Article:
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The Training of Trainers module on Women’s Access to Justice provides guidance for judges to include a gender perspective when adjudicating cases involving women who have come into conflict with the law. The module was devel oped in full participation with the members of the Judicial Women and Children’s working group of the Indonesian Supreme Court, High Court Judges, and the trainers of the Supreme Court Training Center. The Training of Trainers module on Women’s Access to...
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A Regional Study of Interventions to Enhance Women and Girls’ Safety and Mobility in Public Spaces, Asia and the Pacific Region In public and private spaces, women and girls experience and fear various types of violence, ranging from harassment, to rape and femicide. Momentum is growing around the issue of women and girls’ safety in urban, public spaces. However, given that this is a relatively new field of work, published evidence of the impacts of such interventions remain.
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With the generous support by the Australian Government, In June 2013, UN Women started a three-year long regional programme, “Leveraging Technical Tools, Evidence and Community Engagement to Advance the Implementation of Laws and Provision of Services to Women Experiencing Violence in South-East Asia” to help women who experienced violence to have proper access to services and laws and receive support from both the governments and...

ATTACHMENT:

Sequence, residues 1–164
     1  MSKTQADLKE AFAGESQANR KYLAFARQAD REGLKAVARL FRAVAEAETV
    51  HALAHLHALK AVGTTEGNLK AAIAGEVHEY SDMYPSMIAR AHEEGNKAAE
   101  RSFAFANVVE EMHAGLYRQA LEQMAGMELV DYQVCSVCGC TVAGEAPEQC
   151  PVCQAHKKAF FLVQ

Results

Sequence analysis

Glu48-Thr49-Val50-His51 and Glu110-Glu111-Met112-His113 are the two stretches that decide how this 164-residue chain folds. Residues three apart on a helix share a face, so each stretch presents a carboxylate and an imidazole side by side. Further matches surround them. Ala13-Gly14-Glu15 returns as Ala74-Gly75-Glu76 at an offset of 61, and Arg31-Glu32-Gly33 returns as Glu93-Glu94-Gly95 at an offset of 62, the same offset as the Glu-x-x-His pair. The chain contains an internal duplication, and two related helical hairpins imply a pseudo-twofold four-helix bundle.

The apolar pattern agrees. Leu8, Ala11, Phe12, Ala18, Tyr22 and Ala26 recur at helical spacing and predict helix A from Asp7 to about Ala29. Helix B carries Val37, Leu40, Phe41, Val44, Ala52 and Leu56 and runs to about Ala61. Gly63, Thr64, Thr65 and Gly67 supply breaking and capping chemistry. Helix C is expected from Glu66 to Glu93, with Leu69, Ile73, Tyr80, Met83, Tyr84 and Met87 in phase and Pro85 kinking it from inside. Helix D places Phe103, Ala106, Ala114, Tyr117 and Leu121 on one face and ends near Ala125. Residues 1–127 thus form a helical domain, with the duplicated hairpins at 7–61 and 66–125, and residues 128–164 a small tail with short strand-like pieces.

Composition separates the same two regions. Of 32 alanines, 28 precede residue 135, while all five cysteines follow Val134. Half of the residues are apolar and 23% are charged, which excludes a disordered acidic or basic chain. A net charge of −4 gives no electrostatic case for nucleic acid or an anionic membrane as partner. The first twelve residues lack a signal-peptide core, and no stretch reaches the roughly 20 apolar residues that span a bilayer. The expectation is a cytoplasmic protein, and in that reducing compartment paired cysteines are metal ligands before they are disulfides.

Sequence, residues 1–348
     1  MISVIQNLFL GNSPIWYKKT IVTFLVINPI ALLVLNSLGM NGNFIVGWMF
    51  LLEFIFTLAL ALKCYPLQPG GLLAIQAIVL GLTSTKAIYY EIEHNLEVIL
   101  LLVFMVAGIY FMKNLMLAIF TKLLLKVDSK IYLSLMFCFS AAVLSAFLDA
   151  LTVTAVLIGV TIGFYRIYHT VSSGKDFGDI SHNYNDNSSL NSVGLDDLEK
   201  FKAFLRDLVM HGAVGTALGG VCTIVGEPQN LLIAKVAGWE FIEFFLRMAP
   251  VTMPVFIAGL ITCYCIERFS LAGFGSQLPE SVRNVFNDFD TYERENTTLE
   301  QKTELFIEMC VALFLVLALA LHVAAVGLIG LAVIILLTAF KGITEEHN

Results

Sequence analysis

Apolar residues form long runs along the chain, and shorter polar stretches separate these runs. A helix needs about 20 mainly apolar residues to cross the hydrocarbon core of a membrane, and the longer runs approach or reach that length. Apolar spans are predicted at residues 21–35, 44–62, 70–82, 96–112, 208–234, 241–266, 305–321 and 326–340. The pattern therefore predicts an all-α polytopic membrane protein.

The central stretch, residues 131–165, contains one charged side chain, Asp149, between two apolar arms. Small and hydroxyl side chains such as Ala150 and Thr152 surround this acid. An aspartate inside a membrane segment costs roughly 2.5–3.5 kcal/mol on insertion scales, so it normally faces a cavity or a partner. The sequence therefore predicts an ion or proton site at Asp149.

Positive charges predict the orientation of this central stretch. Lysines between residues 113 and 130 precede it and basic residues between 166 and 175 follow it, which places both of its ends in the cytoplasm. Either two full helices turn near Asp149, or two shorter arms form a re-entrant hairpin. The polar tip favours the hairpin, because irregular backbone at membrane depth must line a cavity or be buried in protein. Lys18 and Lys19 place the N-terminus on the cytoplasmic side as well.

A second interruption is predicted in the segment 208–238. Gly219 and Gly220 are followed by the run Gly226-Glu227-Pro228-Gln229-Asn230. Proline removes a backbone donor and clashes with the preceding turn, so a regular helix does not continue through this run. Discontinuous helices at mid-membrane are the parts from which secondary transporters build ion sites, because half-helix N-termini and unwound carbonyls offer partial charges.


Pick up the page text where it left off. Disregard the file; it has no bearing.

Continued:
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On 25 November 2010 in Bangkok, Thailand, the United Nations Secretary-General’s Campaign to End Violence against Women (UNiTE) was launched in the Asia-Pacific region, bringing together over 25 entities of the United Nations family. The UNiTE campaign calls on all governments, civil society, women’s organizations, men and boys, young people, the private sector, the media, and the whole UN System to come together in addressing the endemic violence committed against women and girls...
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Women and girls fear and experience various types of sexual violence in public spaces, from unwanted sexual remarks and touching to rape and femicide. It is a universal issue.
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UN Women Pacific Newsletter Issue# 3
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A focus on young people is crucial for advancing gender equality, for preventing and eradicating violence against women, and create a world in which men and women live in healthy and respectful relationships with each other.
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During March 2014, the United Nations Country Team in India partnered with the private sector, government, civil society, social media and arts community to promote gender equality.